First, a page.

On the day that Mary Barra became the first ever female boss of a
global carmaker, General Motors announced it will pay the first quarterly dividend on its common stock in almost six years.
Investors have been pushing GM to return cash to them in the form of a dividend or a buyback of shares.
That pressure mounted after the US Treasury sold the last of its stake in the biggest American carmaker in December. That was the legacy of the huge taxpayer bailout that saved GM from bankruptcy in 2009.
“This return to shareholders is consistent with our capital priorities and is an important signal of confidence in our plans for a continuing profitable future,” Chief Financial Officer Dan Ammann said in a statement.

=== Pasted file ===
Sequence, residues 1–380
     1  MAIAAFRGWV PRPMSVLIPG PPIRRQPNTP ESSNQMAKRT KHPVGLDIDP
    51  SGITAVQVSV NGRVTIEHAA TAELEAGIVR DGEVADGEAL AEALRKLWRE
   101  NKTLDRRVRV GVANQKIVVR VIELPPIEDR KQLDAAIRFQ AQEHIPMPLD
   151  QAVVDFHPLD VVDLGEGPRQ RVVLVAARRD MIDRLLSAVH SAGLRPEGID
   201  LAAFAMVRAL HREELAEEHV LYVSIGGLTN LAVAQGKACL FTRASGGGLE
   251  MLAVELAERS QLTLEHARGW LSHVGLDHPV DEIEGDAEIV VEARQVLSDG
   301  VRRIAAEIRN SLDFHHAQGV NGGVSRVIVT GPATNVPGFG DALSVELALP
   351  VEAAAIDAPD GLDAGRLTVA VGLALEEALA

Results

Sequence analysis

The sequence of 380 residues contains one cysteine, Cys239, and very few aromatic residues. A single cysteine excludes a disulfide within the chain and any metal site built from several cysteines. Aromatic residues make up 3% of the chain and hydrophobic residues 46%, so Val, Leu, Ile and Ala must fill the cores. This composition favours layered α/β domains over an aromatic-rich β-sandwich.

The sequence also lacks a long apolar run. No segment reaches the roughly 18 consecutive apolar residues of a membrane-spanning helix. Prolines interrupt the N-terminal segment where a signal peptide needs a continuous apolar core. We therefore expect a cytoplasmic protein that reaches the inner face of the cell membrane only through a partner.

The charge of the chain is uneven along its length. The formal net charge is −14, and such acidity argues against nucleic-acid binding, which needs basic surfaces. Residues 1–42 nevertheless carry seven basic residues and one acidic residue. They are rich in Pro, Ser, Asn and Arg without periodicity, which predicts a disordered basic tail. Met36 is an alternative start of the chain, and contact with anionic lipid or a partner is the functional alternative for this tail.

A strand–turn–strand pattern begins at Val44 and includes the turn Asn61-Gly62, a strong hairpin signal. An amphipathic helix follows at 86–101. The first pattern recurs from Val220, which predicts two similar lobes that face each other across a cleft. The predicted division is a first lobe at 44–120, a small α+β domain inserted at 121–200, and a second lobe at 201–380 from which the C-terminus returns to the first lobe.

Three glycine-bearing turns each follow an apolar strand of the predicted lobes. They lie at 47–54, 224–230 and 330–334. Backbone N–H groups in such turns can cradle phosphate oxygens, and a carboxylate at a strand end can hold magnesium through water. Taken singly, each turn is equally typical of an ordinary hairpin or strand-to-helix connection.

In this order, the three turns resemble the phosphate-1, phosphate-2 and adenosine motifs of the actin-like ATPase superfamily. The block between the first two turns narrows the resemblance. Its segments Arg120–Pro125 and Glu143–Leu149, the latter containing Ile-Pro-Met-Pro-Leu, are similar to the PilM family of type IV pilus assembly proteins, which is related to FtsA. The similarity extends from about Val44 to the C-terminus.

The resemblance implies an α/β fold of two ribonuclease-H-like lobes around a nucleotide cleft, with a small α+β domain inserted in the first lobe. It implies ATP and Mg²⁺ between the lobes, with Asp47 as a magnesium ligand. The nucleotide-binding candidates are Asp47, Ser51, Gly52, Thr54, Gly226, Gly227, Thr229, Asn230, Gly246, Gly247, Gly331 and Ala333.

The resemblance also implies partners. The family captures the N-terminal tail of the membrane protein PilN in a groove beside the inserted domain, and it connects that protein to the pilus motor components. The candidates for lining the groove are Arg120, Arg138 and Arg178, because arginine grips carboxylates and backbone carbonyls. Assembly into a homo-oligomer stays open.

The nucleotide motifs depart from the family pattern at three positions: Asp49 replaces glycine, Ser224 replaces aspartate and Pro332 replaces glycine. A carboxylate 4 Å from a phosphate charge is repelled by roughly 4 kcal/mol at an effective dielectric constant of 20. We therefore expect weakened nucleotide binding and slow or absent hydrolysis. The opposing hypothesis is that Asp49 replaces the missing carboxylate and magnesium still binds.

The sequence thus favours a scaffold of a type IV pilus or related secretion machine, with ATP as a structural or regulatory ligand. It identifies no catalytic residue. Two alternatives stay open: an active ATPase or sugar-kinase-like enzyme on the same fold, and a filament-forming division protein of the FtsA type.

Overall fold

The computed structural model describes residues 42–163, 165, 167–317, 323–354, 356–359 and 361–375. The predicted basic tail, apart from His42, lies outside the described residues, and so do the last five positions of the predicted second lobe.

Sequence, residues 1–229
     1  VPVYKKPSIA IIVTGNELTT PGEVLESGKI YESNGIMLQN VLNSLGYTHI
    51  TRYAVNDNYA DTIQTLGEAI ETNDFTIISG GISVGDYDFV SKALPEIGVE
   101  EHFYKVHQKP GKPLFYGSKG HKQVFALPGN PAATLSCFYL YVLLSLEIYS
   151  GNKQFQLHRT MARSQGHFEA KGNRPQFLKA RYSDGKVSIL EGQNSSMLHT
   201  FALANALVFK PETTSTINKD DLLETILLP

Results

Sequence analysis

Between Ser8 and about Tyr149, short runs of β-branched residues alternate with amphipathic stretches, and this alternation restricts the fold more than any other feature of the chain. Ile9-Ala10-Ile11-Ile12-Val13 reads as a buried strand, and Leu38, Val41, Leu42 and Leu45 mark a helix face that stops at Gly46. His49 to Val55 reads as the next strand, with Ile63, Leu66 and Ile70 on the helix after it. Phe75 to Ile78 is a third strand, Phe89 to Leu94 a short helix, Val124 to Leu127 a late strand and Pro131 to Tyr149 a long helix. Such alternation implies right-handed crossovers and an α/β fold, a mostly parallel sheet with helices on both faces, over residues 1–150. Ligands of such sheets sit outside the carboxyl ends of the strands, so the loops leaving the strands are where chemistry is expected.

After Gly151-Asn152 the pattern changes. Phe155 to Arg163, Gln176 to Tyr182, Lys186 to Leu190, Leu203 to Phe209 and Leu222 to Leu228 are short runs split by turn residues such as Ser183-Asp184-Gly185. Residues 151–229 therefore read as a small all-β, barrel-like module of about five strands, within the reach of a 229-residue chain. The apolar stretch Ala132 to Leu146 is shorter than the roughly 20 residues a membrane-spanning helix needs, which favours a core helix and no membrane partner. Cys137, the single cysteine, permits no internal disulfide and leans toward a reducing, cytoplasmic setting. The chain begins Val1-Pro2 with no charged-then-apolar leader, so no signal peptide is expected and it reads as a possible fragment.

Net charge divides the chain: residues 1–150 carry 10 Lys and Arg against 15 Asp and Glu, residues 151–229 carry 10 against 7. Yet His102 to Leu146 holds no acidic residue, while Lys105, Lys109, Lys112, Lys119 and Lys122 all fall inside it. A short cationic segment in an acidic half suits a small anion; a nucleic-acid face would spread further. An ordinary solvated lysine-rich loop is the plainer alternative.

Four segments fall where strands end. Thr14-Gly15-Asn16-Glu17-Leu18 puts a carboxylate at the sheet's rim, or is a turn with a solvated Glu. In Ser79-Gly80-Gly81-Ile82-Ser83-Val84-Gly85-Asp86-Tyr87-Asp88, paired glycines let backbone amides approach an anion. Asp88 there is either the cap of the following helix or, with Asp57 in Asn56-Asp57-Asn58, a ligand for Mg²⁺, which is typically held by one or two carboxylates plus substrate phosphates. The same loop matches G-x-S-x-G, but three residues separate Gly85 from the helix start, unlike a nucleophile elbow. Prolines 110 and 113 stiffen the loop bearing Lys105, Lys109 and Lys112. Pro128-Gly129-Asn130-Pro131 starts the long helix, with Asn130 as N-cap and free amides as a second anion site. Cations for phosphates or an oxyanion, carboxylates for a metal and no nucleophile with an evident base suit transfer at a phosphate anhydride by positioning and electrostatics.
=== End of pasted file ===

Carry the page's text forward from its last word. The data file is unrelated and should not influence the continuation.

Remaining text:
Days earlier Ammann had said he believed the European car market sales slump has bottomed out but was not sure how fast the market would rebound.
He said GM continues to believe it will break even financially in Europe – where it currently loses money – by the middle of the decade.
Opel, Vauxhall boost market share
On Tuesday, the European unit of GM – Opel and Vauxhall – said it had raised its market share for the first time in 14 years, selling 1.064 million cars in 2013.
Germany-based Opel and UK affiliate Vauxhall raised their market share in Europe to 5.61 percent in 2013, up from 5.59 percent in the previous year.
Opel had 62,000 orders for its ADAM car and 177,000 for the Mokka, Peter Christian Kuespert, Opel’s board member responsible for sales, said in a statement.
It said Opel and Vauxhall were able to increase their market share in 11 countries last year, including core markets like Germany, the UK and Spain, as well as growth markets such as Turkey and Russia.